• Built on two levels linked by elegant metal pillars, the Vat Room harmoniously combines wood and steel

    The Vat Room

    Built on two levels linked by elegant metal pillars, the Vat Room harmoniously combines wood and steel

  • The new Vat Room, designed by Richard Peduzzi and Bernard Mazières, a harmonious combination of wood and steel

    The Vat Room

    The new Vat Room, designed by Richard Peduzzi and Bernard Mazières, a harmonious combination of wood and steel

  • The new Vat Room, on the level where the harvest is brought in.

    The Vat Room

    The new Vat Room, on the level where the harvest is brought in.

  • The new Vat Room, on the level where the harvest is brought in.

    The Vat Room

    The new Vat Room, on the level where the harvest is brought in.

Harmony of architecture and tradition

The new vat room at Mouton Rothschild ushers in an ambitious era in the estate’s history. Of high technical quality, it is also faithful to the architectural style and construction materials of the Médoc. 70 metres long, built on two levels linked by elegant metal pillars, it harmoniously combines wood and steel while remaining true to the Mouton tradition of oak vats, of which there are 44, plus 20 in stainless steel.

 
At each harvest, Mouton Rothschild seeks to express the genius of each parcel and the quintessence of each variety planted in the vineyard.
Philippe Dhalluin, Technical Manager
 

Revealing the quintessence of each variety

The new vat room uses gravity-feed technology in order to keep the grapes intact and preserve all their qualities: the grapes, carefully sorted and lightly crushed, are fed into the vats by the action of gravity alone. The oak and stainless steel vats respect the ancient know-how of Mouton Rothschild, while their number and varied size mean that each parcel and each variety can be vinified separately, thus optimising both selection at harvest and the blending process. The choice of oak, a natural material taken from the best French forests, has the advantage of allowing the wine to breathe and to make vinification easier.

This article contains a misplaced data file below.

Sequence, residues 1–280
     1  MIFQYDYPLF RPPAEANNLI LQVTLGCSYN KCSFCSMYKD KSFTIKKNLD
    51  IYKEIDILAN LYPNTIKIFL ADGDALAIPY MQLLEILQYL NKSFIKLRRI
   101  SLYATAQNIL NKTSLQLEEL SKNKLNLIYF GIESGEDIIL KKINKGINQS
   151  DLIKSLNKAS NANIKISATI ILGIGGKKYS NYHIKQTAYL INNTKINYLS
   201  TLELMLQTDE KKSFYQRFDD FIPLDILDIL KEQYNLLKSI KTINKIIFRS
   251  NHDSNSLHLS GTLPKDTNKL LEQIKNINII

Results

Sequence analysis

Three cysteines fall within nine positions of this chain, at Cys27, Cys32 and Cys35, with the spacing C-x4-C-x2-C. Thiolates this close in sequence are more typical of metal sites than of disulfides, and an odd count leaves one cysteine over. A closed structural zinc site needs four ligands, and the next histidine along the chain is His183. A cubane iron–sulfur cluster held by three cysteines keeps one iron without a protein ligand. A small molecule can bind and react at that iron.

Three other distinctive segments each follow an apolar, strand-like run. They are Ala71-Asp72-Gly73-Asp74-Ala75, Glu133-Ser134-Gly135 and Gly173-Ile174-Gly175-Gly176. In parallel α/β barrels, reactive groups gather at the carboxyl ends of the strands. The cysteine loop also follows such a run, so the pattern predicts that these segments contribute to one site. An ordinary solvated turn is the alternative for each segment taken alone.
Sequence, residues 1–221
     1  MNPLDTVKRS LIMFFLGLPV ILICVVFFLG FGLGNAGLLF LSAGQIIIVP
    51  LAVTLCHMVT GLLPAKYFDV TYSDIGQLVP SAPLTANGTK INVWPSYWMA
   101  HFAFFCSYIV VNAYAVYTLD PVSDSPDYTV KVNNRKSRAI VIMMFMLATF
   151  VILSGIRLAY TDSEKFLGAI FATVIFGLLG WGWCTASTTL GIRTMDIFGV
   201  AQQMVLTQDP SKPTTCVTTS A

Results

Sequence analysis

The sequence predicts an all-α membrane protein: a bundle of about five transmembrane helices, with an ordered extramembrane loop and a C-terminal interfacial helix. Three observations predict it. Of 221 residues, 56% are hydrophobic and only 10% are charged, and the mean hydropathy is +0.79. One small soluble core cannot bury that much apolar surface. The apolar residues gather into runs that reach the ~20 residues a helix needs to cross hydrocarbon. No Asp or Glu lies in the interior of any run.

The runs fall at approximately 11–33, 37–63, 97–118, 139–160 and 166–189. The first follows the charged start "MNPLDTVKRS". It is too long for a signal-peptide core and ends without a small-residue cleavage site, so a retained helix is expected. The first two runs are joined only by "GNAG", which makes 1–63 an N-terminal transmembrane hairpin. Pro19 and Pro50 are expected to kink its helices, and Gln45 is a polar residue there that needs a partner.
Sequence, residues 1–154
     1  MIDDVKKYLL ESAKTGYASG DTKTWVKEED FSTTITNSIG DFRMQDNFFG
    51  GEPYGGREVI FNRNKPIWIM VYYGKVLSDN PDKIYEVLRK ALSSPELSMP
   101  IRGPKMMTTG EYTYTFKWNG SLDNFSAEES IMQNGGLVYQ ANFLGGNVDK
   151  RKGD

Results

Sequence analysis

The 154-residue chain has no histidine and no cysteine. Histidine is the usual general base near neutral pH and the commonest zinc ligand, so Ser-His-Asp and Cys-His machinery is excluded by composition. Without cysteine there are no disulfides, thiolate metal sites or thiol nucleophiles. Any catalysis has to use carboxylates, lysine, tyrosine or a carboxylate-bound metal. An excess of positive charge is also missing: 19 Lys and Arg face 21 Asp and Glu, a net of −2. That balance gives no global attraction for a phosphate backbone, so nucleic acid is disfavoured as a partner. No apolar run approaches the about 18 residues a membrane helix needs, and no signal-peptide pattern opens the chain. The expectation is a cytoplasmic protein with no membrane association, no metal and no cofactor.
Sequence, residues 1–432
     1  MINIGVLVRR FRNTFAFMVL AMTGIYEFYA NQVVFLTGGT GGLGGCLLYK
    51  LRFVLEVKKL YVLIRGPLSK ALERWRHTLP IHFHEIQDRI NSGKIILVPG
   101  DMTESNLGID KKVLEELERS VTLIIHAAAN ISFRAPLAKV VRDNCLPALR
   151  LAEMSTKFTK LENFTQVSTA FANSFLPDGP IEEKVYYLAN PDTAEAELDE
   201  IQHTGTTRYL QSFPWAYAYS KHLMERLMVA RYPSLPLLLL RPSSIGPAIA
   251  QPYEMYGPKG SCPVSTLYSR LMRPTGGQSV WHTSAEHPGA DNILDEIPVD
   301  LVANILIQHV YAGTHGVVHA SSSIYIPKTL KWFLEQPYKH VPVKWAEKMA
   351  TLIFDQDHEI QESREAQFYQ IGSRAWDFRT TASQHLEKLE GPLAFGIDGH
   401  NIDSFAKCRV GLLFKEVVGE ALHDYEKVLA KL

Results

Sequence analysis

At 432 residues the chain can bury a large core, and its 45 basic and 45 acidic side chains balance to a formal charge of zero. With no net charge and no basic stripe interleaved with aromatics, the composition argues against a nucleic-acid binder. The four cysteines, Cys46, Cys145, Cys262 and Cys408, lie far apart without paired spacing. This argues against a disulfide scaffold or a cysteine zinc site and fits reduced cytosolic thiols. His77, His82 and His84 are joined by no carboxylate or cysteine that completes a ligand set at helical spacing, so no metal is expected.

VINIFICATION

The must – grape juice – is transformed into wine in several stages. Crushing bursts the grapes to release the juice, which feeds the yeast on the grape skins. Fermentation can now begin: the yeast gradually transforms sugar into alcohol. At the same time, the pigment and tannins contained in the grape skins spread into the fermenting must, giving the wine colour and structure. Malolactic fermentation then refines the wines by naturally reducing their acidity.

The new vat room at Mouton Rothschild
  • <p>By installing a further 28 vinification vats in its new vat room, Mouton Rothschild has exactly doubled the number to the present 64.</p>

    By installing a further 28 vinification vats in its new vat room, Mouton Rothschild has exactly doubled the number to the present 64.

     
     
  • <p>The decision to add to the number of vats without increasing the total capacity while doubling the potential for selection helps both to preserve the wine’s tradition of excellence and to improve the precision of proportions during blending.</p>

    The decision to add to the number of vats without increasing the total capacity while doubling the potential for selection helps both to preserve the wine’s tradition of excellence and to improve the precision of proportions during blending.

     
     
  • <p>The monumental gate of the vat room of Château Mouton Rothschild.</p>

    The monumental gate of the vat room of Château Mouton Rothschild.

     
     
  • <p>The new Château Mouton Rothschild vat room dominates the vines from a height of 16 metres.</p>

    The new Château Mouton Rothschild vat room dominates the vines from a height of 16 metres.